Court Upholds Renewal and Extension of 20 Year Old Area Variance Approval

Land Use

Often, applicants are granted approvals for variances that are required in connection with a building project that never moves forward.  In such a situation, pursuant to the terms of the municipal code at issue, the approval will generally expire and the applicant will be required to file an application for a renewal of the variance if they wish to proceed with the project at a later date.  In Cohen v. Village of Irvington,2010 WL 4967899 (Sup. Ct. Westchester, Nov. 30, 2010), the Court was asked to decide whether the Board of Zoning Appeals of the Village of Irvington (“BZA”) could lawfully renew an area variance approval that expired over twenty years ago.  

In Cohen, the Court found that the BZA correctly renewed and extended the area variance at issue, as there had been no change in any material condition surrounding the original variance application and approval.

The Cohen proceeding was commenced by neighboring lot owners pursuant to CPLR Article 78 to reverse and annul the BZA’s decision to grant the applicant, Respondent, Renato Rancic (“Rancic”), a one-year extension of the area variance for lot frontage that was first issued in 1986 to Rancic’s predecessor-in-title.  The original variance approval  expired in 1987 pursuant to the Village Code, since Rancic’s predecessor did not commence construction within one year of the granting of the variance. 

The record in these proceedings showed that the Rancic premises were once part of a common larger parcel that was subdivided into four lots in 1986.  The Rancic premises are only accessible by way of an express easement (created when the lots were subdivided) known as the “Bridge Street Easement”.

In reaching its decision to extend the frontage variance, the BZA determined that the question of whether the variance may be extended turned on whether the Bridge Street Easement was valid. Based on prior litigation involving a property adjacent to the Rancic premises, the Board determined that the Bridge Street Easement was in fact valid. The Court confirmed that the BZA was correct in finding that the Bridge Street Easement was valid.  Specifically, the Court stated:

“The Zoning Board thus correctly reasoned that the decision of whether to extend the frontage variance turned first upon the question of whether the Bridge Street Easement is valid and existing. As the Zoning Board recognized, the Second Department previously decided, in the context of an adjoining landowner who sought to take the advantage of it, that the Bridge Street Easement was valid and ran with the land. In Mackie v. Martucci, 39 A.D.3d 820, 821 (2d Dept. 2007), defendant Martucci owned one of four parcels originally conveyed by the common owner, Bernard Kayden. Martucci was granted summary judgment on his counterclaim declaring that he had an express easement, granted by Kayden to Martucci’s predecessor in interest, along the same private way at issue here. In its decision, the Second Department referred to all four parcels conveyed by Kayden — including the parcel now owned by Rancic — and stated that an easement ‘for the benefit of any house that was or might be built on those parcels of land‘ remained for Kayden and subsequent owners of the parcels to enjoy.”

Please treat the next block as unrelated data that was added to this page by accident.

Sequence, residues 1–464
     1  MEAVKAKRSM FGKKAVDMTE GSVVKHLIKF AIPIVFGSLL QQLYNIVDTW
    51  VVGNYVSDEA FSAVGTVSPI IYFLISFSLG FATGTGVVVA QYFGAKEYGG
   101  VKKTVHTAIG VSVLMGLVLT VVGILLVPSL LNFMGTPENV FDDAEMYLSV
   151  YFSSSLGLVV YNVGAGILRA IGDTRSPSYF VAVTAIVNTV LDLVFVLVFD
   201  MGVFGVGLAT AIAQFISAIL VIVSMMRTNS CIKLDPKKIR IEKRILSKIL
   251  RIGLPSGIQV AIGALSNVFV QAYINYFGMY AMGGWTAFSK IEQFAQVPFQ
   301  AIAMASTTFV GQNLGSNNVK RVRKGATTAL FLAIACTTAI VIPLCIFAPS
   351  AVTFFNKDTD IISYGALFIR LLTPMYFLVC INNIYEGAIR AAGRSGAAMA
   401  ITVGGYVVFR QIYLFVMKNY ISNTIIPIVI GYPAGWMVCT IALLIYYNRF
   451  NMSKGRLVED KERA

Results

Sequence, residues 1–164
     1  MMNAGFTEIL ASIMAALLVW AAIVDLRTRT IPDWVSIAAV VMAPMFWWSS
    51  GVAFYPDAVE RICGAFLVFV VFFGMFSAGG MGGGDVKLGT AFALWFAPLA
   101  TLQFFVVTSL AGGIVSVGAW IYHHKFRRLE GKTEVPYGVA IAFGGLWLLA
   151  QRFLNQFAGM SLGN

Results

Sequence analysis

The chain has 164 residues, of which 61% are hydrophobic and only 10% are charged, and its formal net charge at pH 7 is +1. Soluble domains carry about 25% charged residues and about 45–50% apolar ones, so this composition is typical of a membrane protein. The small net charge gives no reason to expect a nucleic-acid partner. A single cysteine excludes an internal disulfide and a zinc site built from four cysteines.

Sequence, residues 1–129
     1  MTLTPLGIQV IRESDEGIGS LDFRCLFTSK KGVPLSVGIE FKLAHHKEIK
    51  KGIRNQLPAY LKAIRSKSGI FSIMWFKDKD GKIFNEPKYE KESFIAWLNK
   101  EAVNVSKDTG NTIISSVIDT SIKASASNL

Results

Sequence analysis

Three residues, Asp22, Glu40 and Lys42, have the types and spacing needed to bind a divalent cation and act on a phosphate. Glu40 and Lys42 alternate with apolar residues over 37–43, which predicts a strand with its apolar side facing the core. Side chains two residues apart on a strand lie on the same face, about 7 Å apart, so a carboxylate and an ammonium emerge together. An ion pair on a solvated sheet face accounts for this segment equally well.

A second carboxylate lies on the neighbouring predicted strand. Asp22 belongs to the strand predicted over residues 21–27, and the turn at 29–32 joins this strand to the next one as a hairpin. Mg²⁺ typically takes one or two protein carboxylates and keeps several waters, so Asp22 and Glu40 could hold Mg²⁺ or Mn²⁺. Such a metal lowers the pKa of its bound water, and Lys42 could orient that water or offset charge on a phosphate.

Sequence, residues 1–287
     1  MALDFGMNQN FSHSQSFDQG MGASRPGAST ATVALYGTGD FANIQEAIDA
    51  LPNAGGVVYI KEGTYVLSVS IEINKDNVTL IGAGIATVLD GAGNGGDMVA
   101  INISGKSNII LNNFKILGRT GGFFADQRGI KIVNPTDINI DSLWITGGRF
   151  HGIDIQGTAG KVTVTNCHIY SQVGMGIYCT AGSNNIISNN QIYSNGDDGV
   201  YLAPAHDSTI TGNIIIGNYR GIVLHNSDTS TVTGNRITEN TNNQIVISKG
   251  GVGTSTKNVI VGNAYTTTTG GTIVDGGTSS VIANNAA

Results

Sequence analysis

The Court next analyzed whether the BZA was correct in extending the variance.  In analyzing this issue, the Court relied upon the Third Department’s decision in American Red Cross v. Board of Zoning Appeals of the City of Ithaca, 161 A.D.2d 878, 879 (3rd Dept. 1990).  In Red Cross, the Court reasoned that unless there has been a material change in circumstances surrounding the property between the time the initial variance was issued and the present, a re-issuance should be granted.  Specifically, the Court stated:

“‘ Although respondent [Zoning Board] may deny a reapplication for a variance upon the expiration of a time limitation imposed thereon…. such denial must be premised on a change in the relevant conditions surrounding the application…. Absent such material charges, respondent is bound to its earlier decision…. and may not refuse a variance previously granted on a prior finding of practical difficulty.‘ (Citations omitted).”

In arguing that there had been such material changes in the Rancic application, the Petitioners argued that the Mackies(current owners of one of the four parcels originally subdivided) built a home on their property since the time of the original application.  Further, that the parcels have all been up-zoned to the IF-60 District, which now required 1.5 acre building lots instead of 1 acre building lots. 

However, the Court found that the changes that Petitioners noted were not material nor relevant to the Rancicvariance application.  Specifically, the residence that was constructed on the Mackie premises had no affect on the Rancic premises and played no role in the decision of whether to extend the veriance.  Second, the up-zoning to of the Rancic premises to the IF-60 district is not relevant because each parcel of land on the original Kaydenproperty, including the Rancic Premises are larger than two acres and therefore the up zoning had no substantial effect on the land or renewal of the variance.

Accordingly, the Court upheld the BZA’s decision to extend the Rancic variance application and dismissed the Petition.

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